Saturday, April 7, 2012

Jesus Christ's "selfless, servant" leadership has much to offer as a role model.

Easter's message of hope at a time of reflection

THE mysterious life, violent death and reported resurrection of a man who lived in the Middle East 2000 years ago is on the minds of many Australians this weekend, not only at church services but at the National Gallery of Australia in Canberra, where thousands of people have used the extended Easter opening hours to marvel at the Renaissance masterpieces of Raphael, Botticelli, Bellini and Titian.

Jesus Christ features in many of the 15th- and 16th-century works - in some as a plump infant snuggling up to his mother, in others as a young man wearing a crown of thorns and nailed to a cross, beside two thieves. Whatever their philosophical and religious significance, the images possess a beauty and express a poetry that transcends faith. Their popularity is a reminder of the central place of the Judeo-Christian heritage in Western civilisation.
The cultural diversity of our secular nation is reflected in the ways Australians will spend the Easter weekend. We are united, however, in rejoicing in our freedom and tolerance, however we choose to exercise that precious gift. Some will spend time with family or relaxing on the beach: some will be working; Christians will stand in reverence at the sacrifice of the Son of God; Jews will remember with thanks the release of the people of Israel from slavery in Egypt. The Last Supper, of course, was a Passover meal, a tradition observed by Jewish families and communities since about 1300 BC to commemorate the liberation of the people of Israel, who were led out of slavery in Egypt by Moses. One of the most important Jewish religious festivals, Passover coincides with Easter this year.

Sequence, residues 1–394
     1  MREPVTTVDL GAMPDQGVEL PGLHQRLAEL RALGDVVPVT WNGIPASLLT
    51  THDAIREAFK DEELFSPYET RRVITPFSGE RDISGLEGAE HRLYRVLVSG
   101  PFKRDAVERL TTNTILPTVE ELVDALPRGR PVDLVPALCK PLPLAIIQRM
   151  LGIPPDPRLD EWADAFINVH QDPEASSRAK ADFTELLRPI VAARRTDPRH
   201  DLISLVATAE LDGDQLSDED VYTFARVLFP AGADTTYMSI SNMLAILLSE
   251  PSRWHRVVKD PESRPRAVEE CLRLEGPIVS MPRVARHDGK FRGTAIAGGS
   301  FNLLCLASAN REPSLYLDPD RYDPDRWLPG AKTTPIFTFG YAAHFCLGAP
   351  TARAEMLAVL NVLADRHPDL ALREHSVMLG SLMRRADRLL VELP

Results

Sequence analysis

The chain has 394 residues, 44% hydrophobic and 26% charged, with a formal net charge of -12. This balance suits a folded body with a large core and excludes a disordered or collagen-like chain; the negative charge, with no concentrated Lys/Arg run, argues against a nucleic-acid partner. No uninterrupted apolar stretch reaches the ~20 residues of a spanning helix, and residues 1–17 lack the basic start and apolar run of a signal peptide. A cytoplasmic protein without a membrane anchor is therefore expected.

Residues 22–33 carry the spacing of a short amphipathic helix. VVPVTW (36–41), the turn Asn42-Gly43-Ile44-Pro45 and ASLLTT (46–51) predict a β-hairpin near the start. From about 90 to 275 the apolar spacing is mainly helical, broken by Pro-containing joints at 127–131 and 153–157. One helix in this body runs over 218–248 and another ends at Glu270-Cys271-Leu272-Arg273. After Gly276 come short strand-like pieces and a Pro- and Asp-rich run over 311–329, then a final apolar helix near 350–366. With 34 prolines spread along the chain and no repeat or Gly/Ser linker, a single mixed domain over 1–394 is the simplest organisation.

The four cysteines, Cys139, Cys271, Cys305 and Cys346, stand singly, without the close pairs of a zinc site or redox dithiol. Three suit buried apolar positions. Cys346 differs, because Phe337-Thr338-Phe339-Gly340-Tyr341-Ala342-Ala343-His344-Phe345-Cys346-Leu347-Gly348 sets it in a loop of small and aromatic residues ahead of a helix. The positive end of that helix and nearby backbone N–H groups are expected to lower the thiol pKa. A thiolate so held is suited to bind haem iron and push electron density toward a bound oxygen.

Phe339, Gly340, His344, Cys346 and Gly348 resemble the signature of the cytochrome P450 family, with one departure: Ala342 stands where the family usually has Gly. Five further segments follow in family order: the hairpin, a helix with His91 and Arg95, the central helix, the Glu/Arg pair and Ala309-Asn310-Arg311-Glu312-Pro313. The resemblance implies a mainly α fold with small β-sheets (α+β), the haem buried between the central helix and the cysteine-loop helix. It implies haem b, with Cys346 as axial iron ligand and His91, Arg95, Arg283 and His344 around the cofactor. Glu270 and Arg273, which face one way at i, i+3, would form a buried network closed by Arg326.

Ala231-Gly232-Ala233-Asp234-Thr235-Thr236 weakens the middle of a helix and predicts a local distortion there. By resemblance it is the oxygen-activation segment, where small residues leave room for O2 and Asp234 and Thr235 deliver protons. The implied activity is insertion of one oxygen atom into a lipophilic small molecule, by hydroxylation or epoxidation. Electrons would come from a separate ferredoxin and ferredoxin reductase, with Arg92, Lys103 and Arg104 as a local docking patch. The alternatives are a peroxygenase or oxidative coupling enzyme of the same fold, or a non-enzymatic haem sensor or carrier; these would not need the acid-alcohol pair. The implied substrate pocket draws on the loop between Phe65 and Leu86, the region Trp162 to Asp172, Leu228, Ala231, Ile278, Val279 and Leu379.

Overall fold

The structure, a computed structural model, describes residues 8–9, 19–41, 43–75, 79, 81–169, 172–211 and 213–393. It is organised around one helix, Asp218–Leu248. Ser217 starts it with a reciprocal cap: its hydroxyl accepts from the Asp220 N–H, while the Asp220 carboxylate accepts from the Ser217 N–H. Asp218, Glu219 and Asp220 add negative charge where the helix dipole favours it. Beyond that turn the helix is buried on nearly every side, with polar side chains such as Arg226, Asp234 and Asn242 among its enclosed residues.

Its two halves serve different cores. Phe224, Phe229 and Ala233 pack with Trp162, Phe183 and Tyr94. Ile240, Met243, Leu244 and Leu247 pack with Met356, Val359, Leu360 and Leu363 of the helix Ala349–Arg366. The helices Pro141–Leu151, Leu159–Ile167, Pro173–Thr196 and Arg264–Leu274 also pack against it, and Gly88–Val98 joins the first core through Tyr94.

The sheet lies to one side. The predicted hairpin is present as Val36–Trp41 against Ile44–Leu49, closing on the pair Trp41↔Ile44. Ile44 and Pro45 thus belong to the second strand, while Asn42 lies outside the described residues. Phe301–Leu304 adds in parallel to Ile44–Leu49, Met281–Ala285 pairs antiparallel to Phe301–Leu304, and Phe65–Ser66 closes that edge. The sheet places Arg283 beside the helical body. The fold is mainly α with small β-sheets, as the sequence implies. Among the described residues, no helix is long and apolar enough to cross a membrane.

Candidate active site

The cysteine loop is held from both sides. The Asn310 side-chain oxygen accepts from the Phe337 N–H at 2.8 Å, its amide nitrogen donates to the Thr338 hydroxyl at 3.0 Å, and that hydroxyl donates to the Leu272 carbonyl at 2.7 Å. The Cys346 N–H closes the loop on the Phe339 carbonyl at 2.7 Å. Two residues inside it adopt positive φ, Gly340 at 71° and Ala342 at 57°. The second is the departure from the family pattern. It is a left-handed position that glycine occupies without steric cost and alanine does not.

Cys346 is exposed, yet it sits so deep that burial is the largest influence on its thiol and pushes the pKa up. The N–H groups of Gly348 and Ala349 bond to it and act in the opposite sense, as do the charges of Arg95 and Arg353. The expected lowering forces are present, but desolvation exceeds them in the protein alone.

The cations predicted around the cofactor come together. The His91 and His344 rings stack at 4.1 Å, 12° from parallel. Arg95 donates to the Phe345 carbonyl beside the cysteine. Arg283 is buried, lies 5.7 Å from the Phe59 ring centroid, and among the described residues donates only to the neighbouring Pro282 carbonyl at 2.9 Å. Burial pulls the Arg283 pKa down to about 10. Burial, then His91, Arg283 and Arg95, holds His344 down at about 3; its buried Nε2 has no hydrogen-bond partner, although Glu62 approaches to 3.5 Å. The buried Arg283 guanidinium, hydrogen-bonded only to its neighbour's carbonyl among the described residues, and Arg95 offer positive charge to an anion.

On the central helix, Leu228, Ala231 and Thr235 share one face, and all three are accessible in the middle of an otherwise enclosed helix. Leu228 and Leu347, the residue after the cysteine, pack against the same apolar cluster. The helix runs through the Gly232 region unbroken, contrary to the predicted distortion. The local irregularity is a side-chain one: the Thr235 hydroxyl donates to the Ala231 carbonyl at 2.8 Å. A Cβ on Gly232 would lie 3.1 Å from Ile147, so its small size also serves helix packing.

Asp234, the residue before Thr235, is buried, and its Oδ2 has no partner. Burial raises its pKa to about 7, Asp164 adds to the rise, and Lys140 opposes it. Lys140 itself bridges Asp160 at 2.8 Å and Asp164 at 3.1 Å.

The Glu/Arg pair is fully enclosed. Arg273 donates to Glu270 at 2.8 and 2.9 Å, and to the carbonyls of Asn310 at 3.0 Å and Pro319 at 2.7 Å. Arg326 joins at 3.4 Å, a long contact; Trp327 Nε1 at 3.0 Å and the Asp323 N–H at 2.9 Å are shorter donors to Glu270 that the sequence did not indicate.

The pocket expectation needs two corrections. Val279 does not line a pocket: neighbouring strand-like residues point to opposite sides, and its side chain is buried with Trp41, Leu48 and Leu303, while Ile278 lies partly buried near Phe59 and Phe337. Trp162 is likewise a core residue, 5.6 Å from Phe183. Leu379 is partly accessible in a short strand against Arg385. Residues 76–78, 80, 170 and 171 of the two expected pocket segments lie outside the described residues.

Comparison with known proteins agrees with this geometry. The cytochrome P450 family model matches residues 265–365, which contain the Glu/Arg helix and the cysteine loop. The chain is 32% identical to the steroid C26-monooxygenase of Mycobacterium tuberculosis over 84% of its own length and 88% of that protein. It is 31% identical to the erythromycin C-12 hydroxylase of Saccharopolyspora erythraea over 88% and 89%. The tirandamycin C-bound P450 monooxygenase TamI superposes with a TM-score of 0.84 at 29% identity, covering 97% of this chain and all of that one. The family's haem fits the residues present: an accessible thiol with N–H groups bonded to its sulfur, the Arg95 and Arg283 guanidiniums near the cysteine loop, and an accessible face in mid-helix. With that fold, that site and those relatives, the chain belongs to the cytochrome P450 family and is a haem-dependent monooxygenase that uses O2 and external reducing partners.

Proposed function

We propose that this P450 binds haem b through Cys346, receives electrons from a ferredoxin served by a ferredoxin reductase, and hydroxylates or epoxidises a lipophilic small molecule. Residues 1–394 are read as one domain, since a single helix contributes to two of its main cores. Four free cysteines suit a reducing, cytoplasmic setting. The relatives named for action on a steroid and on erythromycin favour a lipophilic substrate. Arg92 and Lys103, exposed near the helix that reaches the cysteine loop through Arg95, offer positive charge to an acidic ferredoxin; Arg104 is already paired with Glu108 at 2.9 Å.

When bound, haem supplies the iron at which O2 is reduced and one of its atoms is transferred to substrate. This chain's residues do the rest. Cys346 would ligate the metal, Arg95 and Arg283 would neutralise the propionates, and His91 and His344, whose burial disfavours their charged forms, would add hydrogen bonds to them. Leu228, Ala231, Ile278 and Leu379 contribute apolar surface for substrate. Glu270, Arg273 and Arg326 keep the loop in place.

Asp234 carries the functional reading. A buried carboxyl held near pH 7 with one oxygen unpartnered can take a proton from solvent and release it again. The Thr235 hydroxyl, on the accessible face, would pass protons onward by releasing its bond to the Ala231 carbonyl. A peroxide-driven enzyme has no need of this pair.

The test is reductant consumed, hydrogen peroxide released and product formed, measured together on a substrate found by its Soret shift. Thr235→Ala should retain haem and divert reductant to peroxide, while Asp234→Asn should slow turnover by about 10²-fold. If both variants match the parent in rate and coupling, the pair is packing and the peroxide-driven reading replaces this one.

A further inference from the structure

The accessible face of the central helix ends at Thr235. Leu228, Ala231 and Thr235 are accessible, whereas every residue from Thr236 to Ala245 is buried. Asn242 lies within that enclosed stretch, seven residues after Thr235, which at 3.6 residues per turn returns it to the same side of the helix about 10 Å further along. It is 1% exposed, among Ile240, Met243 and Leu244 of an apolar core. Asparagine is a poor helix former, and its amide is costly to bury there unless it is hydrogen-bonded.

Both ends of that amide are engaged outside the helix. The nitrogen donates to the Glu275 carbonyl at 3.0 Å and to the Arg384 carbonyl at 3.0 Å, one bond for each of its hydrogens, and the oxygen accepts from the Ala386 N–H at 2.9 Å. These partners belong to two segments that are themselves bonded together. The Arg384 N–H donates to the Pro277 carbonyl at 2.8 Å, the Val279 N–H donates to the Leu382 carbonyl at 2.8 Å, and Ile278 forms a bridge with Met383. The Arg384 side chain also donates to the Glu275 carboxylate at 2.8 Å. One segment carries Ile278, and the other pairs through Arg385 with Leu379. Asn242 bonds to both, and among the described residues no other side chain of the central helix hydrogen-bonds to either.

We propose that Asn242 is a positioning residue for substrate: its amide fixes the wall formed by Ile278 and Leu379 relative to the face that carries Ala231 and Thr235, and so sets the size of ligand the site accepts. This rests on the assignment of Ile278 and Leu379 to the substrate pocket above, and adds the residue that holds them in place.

Rec Coverage 28 Day pass
The high point of the Christian calendar, Easter has drawn large crowds to Palm Sunday services last weekend, to the Mass of the Last Supper on Thursday and to the Stations of the Cross yesterday. Outside small churches and cathedrals, the faithful, the curious and a few doubting Thomases will gather tonight as the darkness is broken by Paschal fires at the start of the Vigil celebrating Christ's resurrection and the triumph of life over death, hope over despair.
Regardless of whether we celebrate Passover, Easter, neither or both - as many interfaith families do - the four-day holiday affords precious time to reflect. Easter, as Melbourne's Catholic Archbishop Denis Hart said, was a time to think about "ultimate things" and not to be cluttered with consumerism and distractions. Sound religious values such as forgiveness, atonement, hope, tolerance and generosity are also the hallmarks of civilised secular societies, and encourage us to take stock of our own lives and our society. Such values preclude us from giving up on complex problems such as how best to help the 90,000 Australians, including children and other victims of domestic violence, who are homeless every day and how to relieve the poverty and despair still afflicting too many Aborigines in remote areas of the nation. No Australian of good conscience feels comfortable while such challenges remain unsolved. We also have our fair share of problems, as church leaders point out today, arising from greed, self-interest - including that of politicians - excessive gambling and the misuse of the internet for bullying. Adelaide's Anglican Archbishop Jeffrey Driver was right when he said that Christ's "selfless, servant" leadership has much to offer as a role model.
Like Anzac Day, the major religious festivals are attracting an upsurge in younger observants, and Jerusalem, like Gallipoli, is now a popular place of pilgrimage for young Australians who want to see the Church of the Holy Sepulchre. The trends suggest that many young people are more comfortable with secular and religious tradition than their baby-boomer parents and more in tune with the enduring power and purpose of sacrifice. For all that, the churches are fighting an uphill battle to draw them into the pews more than twice a year.
It is human nature to wonder about the meaning of life and death, and the overlaps and apparent contradictions between science, faith and reason. For those who have faith in the gospel narrative, Easter is about the tangible expression of God's inexhaustible love for mankind. For everyone else, the Renaissance artworks can be an enrichment to the soul, offering a glimpse of an extraordinary, enduring myth.
A happy and safe Easter from The Weekend Australian.

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